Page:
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Greetings Africa from Lake Malawi

Lake Malawi, also known as Lake Nyasa in Tanzania and Lago Niassa in Mozambique, is an African Great Lake located between Malawi, Mozambique and Tanzania. It is the ninth largest lake in the world and the third largest and second deepest lake in Africa.



Also known as Lake Nyasa, Lake Malawi forms Malawi’s boundary with Mozambique and Tanzania. It is the third largest East Rift Valley lakes of East Africa.

Measuring 560-580km long and 75km wide, Lake Malawi features a depression in the north central part, marking the deepest point at 706m and 400m at the shallowest point. It has 14 inlets with the Ruhuru River being the largest, and has an outlet in the Shire River, a tributary to the Zambezi River.

At the Southern end of the lake is Lake Malawi National Park, which is home to number of animals. It is also home to a large baobab tree, believed to be 800 years old, where Dr. David Livingstone gave sermons and talk with missionaries.  There are also graves of missionaries in the park.

Read: Lake Retba: Africa’s Pink Lake


Beach at Cape Maclear near Monkey Bay. Photo: Stefan7/ Wiki CC/GNU-FDL

The UNESCO inscribed the Lake Malawi National Park into the World Heritage site in 1984. It acknowledged its natural beauty and outstanding example of biological evolution, as well as, its importance of the biodiversity conservation. 

Read: Lake Tanganyika: an African Great Lake

Apart from fish, Nile crocodiles and hippos live in the lake. There is also a significant population of African fish eagles, which survive on the lake, catching and eating fish from the lake.  Among the fish in the lake are cichlid, which experienced evolutionary radiations; as well as the chambo fish, which are now seriously threatened.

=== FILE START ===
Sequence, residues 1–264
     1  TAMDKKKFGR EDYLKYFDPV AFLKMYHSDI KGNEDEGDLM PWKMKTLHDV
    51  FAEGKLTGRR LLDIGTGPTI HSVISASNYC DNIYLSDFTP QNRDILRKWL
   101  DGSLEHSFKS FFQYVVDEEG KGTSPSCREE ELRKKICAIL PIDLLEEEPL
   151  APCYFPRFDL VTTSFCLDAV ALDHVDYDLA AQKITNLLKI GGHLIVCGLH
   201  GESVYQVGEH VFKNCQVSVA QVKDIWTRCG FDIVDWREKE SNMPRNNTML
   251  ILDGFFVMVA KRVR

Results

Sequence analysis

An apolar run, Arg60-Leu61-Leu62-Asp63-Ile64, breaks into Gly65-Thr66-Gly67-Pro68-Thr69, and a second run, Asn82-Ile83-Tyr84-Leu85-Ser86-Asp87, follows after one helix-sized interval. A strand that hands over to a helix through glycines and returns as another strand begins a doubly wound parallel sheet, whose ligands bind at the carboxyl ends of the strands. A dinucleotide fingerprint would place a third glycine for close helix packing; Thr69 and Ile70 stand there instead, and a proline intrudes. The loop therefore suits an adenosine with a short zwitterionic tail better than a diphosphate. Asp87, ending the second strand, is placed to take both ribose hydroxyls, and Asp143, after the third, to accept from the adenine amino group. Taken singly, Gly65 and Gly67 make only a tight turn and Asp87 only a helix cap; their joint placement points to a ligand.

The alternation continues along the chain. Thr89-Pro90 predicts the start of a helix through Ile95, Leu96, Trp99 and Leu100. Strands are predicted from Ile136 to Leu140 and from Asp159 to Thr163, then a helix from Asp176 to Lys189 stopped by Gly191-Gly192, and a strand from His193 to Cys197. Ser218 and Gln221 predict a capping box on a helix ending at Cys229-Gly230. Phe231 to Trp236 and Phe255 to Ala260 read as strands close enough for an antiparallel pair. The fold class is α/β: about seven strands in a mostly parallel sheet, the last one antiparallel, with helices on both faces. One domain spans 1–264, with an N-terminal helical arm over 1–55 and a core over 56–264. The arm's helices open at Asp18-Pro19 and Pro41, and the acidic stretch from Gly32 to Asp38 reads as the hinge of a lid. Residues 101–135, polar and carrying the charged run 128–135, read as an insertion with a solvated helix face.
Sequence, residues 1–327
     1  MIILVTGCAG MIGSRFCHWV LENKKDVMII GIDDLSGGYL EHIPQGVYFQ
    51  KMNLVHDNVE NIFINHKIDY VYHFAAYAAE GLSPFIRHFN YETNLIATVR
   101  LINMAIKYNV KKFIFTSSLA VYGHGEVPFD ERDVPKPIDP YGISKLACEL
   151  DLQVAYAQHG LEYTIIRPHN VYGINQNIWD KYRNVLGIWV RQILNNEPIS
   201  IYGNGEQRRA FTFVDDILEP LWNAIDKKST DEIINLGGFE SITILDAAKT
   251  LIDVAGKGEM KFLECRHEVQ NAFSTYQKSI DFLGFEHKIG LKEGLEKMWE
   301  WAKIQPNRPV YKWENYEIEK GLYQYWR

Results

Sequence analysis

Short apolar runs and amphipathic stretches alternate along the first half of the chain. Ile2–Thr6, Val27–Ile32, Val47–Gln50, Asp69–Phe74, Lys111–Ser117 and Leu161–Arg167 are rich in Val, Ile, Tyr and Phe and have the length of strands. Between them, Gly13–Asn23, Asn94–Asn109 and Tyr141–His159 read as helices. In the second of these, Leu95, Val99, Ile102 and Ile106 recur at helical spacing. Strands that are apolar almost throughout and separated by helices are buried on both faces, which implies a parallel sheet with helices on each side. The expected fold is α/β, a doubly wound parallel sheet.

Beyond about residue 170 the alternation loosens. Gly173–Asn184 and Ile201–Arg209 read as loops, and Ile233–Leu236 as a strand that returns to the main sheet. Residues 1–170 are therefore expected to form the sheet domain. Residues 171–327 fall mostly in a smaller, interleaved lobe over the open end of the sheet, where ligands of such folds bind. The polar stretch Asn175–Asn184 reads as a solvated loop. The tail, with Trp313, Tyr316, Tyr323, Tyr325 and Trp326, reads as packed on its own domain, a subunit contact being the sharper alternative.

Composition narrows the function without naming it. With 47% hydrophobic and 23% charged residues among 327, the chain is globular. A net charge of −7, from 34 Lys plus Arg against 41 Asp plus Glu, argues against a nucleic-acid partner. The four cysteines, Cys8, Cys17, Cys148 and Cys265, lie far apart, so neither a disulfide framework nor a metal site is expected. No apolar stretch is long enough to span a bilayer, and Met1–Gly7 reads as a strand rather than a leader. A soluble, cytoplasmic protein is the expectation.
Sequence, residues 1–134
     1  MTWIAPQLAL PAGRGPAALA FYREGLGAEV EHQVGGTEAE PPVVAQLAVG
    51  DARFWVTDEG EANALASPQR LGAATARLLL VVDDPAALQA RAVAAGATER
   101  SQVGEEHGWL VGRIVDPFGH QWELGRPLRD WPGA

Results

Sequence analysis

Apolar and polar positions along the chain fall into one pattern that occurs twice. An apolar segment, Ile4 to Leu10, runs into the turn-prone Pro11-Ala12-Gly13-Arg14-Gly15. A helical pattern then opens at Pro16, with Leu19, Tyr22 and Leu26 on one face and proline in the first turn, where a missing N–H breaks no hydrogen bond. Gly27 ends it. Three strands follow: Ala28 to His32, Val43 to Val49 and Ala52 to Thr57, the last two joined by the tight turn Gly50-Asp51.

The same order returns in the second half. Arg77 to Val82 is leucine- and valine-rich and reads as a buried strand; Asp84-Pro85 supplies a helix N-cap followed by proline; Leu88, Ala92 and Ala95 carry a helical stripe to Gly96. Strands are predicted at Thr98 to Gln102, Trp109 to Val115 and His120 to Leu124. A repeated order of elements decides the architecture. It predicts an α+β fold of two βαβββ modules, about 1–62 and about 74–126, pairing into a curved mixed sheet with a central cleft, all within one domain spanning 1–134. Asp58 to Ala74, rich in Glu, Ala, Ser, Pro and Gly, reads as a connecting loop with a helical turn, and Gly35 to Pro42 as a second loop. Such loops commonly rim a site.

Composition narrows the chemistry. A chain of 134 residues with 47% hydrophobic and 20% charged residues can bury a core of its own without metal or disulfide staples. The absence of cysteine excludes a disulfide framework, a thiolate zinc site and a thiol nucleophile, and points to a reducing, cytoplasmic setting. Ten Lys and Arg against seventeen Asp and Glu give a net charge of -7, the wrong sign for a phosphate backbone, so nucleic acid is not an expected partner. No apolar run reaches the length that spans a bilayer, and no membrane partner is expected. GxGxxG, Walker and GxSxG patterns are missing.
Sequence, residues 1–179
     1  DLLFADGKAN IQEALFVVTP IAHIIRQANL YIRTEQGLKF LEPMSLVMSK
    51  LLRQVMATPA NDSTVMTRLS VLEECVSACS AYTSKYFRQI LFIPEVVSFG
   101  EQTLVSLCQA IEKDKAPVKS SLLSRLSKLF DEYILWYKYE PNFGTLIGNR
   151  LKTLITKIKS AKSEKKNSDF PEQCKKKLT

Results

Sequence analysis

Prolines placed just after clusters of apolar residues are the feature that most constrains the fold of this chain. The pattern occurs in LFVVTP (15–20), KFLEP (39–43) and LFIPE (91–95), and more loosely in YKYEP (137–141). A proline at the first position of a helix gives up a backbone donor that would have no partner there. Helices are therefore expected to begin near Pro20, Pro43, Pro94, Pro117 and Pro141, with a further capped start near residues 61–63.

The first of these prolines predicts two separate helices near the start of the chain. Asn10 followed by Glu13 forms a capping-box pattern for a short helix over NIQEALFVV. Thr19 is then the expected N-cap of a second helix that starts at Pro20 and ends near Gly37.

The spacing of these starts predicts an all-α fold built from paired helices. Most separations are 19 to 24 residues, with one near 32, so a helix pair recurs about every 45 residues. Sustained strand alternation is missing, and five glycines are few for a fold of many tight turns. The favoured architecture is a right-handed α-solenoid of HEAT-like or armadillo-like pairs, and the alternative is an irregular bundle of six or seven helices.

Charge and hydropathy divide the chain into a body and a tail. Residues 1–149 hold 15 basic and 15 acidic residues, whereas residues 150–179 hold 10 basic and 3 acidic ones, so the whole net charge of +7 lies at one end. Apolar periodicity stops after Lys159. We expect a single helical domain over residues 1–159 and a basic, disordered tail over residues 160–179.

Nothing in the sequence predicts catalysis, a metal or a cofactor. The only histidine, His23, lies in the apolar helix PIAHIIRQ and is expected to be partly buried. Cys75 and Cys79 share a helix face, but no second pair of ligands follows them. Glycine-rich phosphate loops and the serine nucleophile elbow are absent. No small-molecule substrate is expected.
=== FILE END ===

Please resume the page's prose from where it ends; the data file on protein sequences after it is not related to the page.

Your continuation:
Fish Eagle, Cape McLear, Malawi. Photo: Joachim Huber/Creative Commons Attribution-Share Alike 2.0 Generic

The lake is also famous for tiny but harmless flies, which appear from the water and easily confused with plumes of smoke. They larvae of the flies are important as food to fish. The local people collect the adult flies to make kungu cake/burgers, which is rich in protein.

In 1914, the Lake was the scene of a short battle between Britain and Germany. The British boat SS Gwendolen attacked the German Hermann Von Wissmann, which was under repair.

One can access the Lake along its shore and take part in various activities including kayaking, scuba diving, snorkelling and water skiing. Cruises all the way to the Shire River is also possible.

Along the shores are also a number of game lodges for visitors to spend their visit. Other places to find accommodation include Senga Bay, Dwanga, Nkhata Bay and Karonga, which is one important archaeological centres in Malawi.